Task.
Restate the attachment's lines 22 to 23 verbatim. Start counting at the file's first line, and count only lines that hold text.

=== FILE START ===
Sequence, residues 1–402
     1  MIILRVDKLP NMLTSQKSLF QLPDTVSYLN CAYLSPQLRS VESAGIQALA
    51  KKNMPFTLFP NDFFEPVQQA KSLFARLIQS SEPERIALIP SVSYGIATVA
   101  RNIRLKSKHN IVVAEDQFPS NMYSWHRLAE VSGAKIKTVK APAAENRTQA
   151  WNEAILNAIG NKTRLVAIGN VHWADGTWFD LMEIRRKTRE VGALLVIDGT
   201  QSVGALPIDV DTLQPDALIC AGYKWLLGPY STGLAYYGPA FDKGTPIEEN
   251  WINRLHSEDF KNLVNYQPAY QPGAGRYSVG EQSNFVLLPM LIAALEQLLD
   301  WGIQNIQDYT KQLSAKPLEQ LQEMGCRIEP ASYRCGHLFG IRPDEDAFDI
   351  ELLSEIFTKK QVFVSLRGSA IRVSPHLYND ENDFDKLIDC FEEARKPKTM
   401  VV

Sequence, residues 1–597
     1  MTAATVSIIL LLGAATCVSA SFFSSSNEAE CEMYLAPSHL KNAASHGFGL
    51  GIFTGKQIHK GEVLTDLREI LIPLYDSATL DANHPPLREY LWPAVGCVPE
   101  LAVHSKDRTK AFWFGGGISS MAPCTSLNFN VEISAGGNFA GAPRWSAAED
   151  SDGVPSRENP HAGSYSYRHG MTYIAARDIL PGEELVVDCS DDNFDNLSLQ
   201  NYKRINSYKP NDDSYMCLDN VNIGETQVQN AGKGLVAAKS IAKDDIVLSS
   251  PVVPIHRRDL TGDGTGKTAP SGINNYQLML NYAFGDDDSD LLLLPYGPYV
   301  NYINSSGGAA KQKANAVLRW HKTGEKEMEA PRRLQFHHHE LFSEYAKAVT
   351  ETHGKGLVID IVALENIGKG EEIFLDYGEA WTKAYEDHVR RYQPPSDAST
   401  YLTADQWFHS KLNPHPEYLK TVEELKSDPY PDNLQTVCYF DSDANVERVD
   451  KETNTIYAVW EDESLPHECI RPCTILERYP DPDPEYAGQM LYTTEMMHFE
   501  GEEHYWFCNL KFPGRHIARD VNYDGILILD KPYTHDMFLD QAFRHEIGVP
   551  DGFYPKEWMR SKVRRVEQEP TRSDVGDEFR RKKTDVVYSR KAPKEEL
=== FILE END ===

   501  GEEHYWFCNL KFPGRHIARD VNYDGILILD KPYTHDMFLD QAFRHEIGVP
   551  DGFYPKEWMR SKVRRVEQEP TRSDVGDEFR RKKTDVVYSR KAPKEEL